You get a modal popup where we can define what needs to be generated (where we save it nicely in our ‘webservices’ folder of the project):


Hit that ‘Finish’ and see the magic being triggered…with in the project a nice service:


Before we can test this service (via right-click), we need to do 2 things:

  1. Publish it…Let’s just do it (again from a right-click action)
  2. Make a BPM service container available which can handle this service (you will get an error when you try to test it: Service Group Lookup failure.).

This error will be solved in the next section…

The (BPM) service container

BPM service is ready…Time for a BPM service container to handle the requests! Open the ‘System Resource Manager’ artifact and create a new service group of type BPM:


Hit ‘Next >’


Give a nice name and mark our service interface (which is of type BPM!). Hit ‘Next >’ when ready…


Give a nice name again, mark the options as you like and hit ‘Next >’


Now three interesting tabs where we can decide where to store BPM information. For now, we just select the ‘system’ organization and we re-use the current AppWorks database. We can do the same for the ‘Scheduler’ and if you mark the ‘Enable Rule Engine’ option in the ‘Process Engine’ tab we can do the same trick.

As I’m as curious as you what information will be saved in these database settings, I made a backlog item out of if for further exploration. A first guess will be the storage of BPM related information like when a BPM starts, who started it, what went wrong, etc…We’ll see!

Hit ‘Next >’


Finally, we can hit ‘Finish’

OK…Back to our BPM service in the project for a quick test…


This time we nicely retrieved a message with the instance_id of the just started BPM…This will also be available from the PIM perspective! 🕵

The final external test (with SoapUI)

Time to make a session with our ‘normal’ user as we currently executed everything with the ‘Developer’ role account. My ‘awtest’ account doesn’t have any role applied and with this account I will try to execute our brand-new service from the ‘services time’ of the platform via URL:

I use a new ‘Incognito’ tab in Chrome, so I’m sure to get a fresh login screen as we still need to authenticate!

Have a browser search for ‘mqtt’ to get our service exposed which we will test:


Insert the request and send it out…

<SOAP:Envelope xmlns:SOAP="http://schemas.xmlsoap.org/soap/envelope/">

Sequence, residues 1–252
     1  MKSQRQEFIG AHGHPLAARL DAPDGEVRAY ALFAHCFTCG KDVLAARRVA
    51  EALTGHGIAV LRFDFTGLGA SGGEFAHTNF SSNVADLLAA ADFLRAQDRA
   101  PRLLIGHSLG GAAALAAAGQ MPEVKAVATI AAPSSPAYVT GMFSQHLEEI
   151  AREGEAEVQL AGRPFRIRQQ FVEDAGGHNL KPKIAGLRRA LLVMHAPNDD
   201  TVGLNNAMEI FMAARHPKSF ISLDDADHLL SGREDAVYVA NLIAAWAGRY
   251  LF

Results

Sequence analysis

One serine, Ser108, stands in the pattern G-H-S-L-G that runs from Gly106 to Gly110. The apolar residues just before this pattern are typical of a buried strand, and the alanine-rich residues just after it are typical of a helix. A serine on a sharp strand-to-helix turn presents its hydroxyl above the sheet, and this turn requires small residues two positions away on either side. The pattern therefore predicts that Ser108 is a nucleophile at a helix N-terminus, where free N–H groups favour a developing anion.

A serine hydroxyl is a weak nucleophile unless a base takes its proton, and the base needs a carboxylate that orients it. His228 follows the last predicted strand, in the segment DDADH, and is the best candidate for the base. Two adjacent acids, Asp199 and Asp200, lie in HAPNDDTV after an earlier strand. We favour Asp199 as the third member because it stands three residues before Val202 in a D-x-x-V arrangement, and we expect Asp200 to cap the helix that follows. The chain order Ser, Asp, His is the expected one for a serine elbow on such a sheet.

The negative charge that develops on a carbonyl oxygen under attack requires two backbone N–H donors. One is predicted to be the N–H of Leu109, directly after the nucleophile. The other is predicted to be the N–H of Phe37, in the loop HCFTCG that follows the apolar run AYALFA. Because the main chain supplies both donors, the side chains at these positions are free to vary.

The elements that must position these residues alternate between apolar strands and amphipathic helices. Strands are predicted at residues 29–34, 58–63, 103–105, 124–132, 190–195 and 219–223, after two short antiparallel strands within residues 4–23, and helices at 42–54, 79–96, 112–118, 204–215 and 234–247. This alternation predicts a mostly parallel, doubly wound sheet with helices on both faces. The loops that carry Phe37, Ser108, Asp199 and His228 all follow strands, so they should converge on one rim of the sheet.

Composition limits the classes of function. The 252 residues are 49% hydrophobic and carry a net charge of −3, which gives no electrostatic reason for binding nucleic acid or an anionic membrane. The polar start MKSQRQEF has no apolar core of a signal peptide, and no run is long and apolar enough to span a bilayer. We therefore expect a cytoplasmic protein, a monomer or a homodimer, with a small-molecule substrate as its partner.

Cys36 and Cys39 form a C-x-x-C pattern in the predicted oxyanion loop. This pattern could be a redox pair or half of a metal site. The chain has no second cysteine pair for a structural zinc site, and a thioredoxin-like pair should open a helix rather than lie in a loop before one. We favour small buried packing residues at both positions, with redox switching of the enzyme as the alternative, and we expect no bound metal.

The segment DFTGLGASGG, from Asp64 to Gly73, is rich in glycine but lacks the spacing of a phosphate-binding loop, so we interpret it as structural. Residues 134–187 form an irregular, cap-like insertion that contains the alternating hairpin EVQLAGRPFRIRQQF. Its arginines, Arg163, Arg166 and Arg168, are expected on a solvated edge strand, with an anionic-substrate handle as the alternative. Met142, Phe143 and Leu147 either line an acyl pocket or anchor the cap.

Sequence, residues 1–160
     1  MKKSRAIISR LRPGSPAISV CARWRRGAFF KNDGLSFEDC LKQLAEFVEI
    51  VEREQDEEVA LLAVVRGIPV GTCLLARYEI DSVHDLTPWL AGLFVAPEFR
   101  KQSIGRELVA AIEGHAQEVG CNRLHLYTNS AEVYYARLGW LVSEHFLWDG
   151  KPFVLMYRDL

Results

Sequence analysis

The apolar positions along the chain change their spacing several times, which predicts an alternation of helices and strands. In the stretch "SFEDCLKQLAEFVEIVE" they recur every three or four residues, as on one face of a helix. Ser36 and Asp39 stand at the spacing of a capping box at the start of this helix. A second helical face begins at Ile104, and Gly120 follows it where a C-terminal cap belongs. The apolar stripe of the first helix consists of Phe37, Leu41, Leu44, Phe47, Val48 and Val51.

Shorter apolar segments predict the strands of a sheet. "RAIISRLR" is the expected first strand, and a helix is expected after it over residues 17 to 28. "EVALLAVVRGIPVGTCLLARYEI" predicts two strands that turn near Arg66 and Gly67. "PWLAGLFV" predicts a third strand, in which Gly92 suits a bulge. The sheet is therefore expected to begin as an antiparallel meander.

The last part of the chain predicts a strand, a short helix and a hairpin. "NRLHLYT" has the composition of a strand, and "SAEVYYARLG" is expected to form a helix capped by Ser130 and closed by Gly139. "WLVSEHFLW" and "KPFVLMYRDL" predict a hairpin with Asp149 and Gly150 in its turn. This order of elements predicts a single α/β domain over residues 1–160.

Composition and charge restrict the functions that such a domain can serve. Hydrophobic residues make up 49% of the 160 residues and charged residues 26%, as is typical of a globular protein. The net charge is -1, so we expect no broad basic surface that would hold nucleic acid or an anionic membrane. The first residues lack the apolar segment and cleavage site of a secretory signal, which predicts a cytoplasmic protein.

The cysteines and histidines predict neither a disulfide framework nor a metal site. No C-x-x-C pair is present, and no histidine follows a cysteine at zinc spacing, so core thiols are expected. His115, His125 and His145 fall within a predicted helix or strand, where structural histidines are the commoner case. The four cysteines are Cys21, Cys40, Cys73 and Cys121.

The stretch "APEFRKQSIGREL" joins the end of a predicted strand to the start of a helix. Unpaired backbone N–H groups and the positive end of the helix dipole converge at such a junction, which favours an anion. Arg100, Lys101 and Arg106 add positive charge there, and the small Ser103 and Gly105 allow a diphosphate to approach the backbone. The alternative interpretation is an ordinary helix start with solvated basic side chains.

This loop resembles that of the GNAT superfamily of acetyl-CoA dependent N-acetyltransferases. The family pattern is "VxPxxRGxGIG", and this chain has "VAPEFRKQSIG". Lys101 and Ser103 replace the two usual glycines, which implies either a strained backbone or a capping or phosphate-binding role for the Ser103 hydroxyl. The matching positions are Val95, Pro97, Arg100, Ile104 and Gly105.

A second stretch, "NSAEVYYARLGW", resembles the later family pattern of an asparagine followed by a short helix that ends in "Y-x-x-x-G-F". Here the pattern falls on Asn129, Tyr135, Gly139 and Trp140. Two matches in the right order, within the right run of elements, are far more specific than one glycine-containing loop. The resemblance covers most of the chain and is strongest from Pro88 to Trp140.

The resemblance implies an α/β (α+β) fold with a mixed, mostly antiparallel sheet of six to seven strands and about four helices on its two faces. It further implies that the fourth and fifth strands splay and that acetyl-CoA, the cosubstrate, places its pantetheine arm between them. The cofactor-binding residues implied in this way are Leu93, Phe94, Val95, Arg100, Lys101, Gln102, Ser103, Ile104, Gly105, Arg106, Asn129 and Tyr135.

<invoke_from_mqtt xmlns="https://appworks-tips.com/bpm/sample">
<ns0:mqtt_data xmlns:ns0="https://appworks-tips.com/xsd/sample">

There you have it…A security error (as expected!): Access is denied for the Web service operation 'invoke_from_mqtt'.

OK…Back to design time and have us a “runtime security” in the webservice:


For this security we need a new ‘role’ with in our case the name ‘resource’…Like this:


We save it nicely in the ‘roles’ folder of the project, and we also make sure this role can ‘execute’ our webservice:


Now, let’s publish the role and make sure you assign the ‘awtest’ account to the role from the ‘User Manager’ artifact:


Time for a retest…Again an error:

Access is denied for the Web service operation 'ExecuteProcess'. 
You do not have permissions to access some of the resources required for your request.
Contact the administrator.

Right, we’re making progress, but this time our ‘awtest’ user also requires a runtime security for the BPM itself. Right-click on our BPM in design-time and do the same trick as we just did for the webservice!


Again a publication and a retest with (this time) a valid response:


Green flags! ✅✅✅…time for SoapUI

We use the opensource version which can be downloaded from here.

Once installed and started, we can create a new SOAP project:


Fill in the information like this:


The initial WSDL URL can be copied from here:


Hit that OK button to see some interesting generated stuff!

Once there, we can execute our first request:


That’s an expected error as we don’t provide any credentials…Time for an update in the request:


<wsse:Security xmlns:wsse="http://docs.oasis-open.org/wss/2004/01/oasis-200401-wss-wssecurity-secext-1.0.xsd">
<wsse:UsernameToken xmlns:wsse="http://docs.oasis-open.org/wss/2004/01/oasis-200401-wss-wssecurity-secext-1.0.xsd">

Niceeeee, but a bit of cheating…Maybe you noticed it!? Maybe not…Have look again in the security header! There is a small difference in username! From the SoapUI call I use a platform (internal) account. Not the one from OTDS! It doesn’t matter for this post for now (and a bit out of scope), but if you also would like to authenticate with OTDS I recommend diving into this post.

🍺-time, and we can also give this post a “DONE” where we learned about exposing a BPM webservice for the “external system” to give it a call. We even did the external call with the valuable tool SoapUI. Also, this tool is great in use when you would like to play with other SOAP services the platform delivers. If smartly used, you can even replace it for the ‘Web Service Interface’ explorer where you can make webservice calls to a next level! Have a great week-end, and I CU in the next post, next week.